“What I Learned from Accidentally Turning Myself Orange,” New Era, Feb. 2019, page–page.
Bit by bit, and blissfully unaware, I was poisoning myself. OK, I use the term “poisoning” a bit loosely here, but to a teenage guy in high school, the word seemed appropriate. I had turned my skin orange.
Without realizing it.
You see, I was trying to kick a soda habit and did so by rather unconventional means. I started drinking freshly-made carrot juice. My dad had bought a juicer that extracted nothing but juice—which means you cruise through plenty more carrots that way (and consume a lot of beta-carotene).
Fun fact: beta-carotene, at those levels, enters the bloodstream and starts painting you from the inside out. It’s harmless to your overall health but becomes oh-so-visible over time. Somehow, though, I still hadn’t noticed the effects unfolding until a friend squinted at me in the sunlight one afternoon.
“Um, Dave, is your skin … orange?” she asked.
“No!” I laughed. What an absurd question.
Then she held her forearm next to mine for comparison. I glanced down in shock. My skin looked like it was slathered in pumpkin puree compared to hers. From that moment on, I cut way back on the carrot juice.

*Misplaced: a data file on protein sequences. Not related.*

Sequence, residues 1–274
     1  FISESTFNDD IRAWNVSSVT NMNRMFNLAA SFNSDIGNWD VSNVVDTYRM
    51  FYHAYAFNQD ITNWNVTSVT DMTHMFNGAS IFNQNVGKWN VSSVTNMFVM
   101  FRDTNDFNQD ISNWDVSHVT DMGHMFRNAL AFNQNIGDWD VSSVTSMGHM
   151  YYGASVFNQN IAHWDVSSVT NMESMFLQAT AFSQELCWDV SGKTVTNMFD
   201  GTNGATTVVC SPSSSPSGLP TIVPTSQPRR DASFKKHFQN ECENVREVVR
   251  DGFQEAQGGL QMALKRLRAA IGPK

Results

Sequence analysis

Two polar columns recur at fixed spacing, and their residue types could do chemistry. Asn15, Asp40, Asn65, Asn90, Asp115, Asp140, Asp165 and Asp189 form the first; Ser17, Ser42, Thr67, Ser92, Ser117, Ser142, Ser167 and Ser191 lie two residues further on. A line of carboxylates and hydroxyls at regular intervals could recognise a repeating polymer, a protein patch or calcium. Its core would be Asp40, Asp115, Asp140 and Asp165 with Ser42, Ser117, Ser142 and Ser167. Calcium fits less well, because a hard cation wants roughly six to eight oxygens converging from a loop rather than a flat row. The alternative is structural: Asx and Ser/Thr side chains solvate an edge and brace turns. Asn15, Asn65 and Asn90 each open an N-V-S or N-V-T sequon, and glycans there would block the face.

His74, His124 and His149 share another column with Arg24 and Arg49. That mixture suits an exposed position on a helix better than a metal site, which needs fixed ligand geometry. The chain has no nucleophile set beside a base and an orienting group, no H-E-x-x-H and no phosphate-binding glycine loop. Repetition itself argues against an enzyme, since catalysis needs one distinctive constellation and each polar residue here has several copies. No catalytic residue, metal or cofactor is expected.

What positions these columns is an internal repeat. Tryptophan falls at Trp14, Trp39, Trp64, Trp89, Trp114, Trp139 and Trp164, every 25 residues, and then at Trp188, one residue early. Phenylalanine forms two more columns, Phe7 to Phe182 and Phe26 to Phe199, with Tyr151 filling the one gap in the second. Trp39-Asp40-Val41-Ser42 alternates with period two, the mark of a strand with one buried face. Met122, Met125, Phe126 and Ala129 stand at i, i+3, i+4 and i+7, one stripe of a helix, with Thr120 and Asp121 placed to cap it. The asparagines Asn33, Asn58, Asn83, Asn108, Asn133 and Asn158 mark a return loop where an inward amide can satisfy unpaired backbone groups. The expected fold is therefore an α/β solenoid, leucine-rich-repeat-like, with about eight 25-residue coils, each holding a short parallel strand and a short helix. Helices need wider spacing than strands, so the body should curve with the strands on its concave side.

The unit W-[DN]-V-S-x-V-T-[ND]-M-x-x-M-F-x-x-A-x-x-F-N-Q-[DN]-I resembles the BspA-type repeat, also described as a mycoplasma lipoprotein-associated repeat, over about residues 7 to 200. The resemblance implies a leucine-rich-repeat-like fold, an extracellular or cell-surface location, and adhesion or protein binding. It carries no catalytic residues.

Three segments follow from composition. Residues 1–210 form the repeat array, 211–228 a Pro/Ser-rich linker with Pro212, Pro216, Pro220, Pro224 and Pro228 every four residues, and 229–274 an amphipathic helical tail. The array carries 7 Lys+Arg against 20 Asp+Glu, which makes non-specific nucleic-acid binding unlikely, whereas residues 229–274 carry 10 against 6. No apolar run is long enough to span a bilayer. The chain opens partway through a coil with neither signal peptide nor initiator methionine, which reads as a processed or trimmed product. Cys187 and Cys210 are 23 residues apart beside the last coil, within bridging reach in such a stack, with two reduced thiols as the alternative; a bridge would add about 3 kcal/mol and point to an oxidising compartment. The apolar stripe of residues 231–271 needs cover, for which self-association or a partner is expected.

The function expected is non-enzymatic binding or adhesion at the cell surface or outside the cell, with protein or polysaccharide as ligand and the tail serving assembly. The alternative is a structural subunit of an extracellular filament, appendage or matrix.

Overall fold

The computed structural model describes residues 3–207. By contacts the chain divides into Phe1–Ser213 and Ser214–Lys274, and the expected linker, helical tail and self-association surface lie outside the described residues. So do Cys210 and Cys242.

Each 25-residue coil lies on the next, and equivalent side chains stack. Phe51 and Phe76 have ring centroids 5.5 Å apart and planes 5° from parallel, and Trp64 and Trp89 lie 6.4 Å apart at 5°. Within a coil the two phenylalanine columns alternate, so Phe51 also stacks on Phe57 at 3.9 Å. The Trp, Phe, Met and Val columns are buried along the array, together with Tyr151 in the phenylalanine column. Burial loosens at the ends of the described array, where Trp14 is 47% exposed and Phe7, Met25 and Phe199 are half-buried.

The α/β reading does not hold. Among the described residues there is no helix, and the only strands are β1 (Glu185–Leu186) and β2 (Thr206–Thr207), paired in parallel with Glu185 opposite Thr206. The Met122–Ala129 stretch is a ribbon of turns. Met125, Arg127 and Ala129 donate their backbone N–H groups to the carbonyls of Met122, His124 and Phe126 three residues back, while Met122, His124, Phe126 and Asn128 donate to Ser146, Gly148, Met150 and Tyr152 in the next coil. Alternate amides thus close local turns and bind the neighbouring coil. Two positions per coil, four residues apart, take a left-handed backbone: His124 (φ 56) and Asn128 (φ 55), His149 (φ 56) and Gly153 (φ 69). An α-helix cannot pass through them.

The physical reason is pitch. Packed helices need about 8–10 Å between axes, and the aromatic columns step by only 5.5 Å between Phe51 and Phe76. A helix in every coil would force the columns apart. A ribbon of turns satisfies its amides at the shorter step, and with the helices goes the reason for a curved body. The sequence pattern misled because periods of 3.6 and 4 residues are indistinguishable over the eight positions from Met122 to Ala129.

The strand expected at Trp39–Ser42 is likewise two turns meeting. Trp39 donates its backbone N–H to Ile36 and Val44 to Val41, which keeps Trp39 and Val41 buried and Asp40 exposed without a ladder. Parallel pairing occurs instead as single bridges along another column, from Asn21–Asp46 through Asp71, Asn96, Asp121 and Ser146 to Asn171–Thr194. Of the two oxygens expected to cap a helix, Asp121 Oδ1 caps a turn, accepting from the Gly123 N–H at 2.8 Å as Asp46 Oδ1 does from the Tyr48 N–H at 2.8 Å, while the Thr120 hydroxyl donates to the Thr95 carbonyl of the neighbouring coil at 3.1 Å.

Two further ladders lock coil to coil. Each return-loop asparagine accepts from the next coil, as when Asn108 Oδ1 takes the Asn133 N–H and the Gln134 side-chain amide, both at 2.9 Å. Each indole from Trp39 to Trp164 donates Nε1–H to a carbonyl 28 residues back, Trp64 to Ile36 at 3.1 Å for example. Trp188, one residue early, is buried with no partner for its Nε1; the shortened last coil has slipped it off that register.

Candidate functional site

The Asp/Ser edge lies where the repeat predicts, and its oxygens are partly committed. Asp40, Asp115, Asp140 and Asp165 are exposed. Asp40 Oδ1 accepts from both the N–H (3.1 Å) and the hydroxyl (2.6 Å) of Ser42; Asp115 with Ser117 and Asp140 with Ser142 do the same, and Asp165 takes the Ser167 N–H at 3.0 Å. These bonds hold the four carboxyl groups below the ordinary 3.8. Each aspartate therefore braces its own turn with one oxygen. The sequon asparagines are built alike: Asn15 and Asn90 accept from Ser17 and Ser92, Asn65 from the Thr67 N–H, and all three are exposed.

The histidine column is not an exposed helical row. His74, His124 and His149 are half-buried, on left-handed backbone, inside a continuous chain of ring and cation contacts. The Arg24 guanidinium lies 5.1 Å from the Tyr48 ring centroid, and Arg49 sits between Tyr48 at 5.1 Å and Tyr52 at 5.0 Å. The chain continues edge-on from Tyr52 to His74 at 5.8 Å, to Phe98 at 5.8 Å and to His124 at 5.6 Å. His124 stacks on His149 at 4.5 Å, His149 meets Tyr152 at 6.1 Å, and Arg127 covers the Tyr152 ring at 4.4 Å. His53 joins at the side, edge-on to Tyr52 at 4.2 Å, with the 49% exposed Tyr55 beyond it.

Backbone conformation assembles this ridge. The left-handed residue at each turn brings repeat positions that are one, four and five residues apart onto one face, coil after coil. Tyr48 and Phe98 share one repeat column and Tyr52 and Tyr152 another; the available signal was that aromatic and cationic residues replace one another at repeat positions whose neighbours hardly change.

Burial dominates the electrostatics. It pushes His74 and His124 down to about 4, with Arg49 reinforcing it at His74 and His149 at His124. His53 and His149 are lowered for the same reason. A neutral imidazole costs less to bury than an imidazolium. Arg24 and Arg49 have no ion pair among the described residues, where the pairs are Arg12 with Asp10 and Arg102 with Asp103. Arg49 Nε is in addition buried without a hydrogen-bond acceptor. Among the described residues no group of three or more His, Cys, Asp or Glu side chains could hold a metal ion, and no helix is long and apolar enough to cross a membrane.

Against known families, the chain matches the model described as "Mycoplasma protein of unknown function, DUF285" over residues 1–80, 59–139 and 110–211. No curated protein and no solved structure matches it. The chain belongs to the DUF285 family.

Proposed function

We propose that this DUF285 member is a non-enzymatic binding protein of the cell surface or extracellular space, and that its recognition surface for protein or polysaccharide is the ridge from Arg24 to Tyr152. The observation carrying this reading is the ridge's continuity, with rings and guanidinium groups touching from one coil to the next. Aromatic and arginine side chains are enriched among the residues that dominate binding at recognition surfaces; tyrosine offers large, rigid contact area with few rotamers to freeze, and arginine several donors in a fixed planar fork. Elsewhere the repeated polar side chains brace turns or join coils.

It’s not always easy to tell when changes are taking place within us. Sometimes changes happen so slowly that it’s hard to notice them. Yet even small, steady changes can add up in a big way over time. Do you remember that long-anticipated day when you were finally tall enough to go on the best rides at the fair or amusement park?
Spiritual changes, of course, are more important than physical ones. Yet even those can be hard to detect on a day-to-day basis. President Boyd K. Packer (1924–2015), President of the Quorum of the Twelve Apostles, once taught, “We become taller in testimony like we grow taller in physical stature; we hardly know it happens because it comes by growth.”1
We can and should be on the watch for what’s happening to—and, importantly, what’s affecting—our spiritual strength and testimony. That’s true whether things are changing for the better or for the worse. Here are three areas worth watching closely.
Our spirits are heavily affected by the media we absorb. In For the Strength of Youth we read, “Choose wisely when using media, because whatever you read, listen to, or look at has an effect on you.”2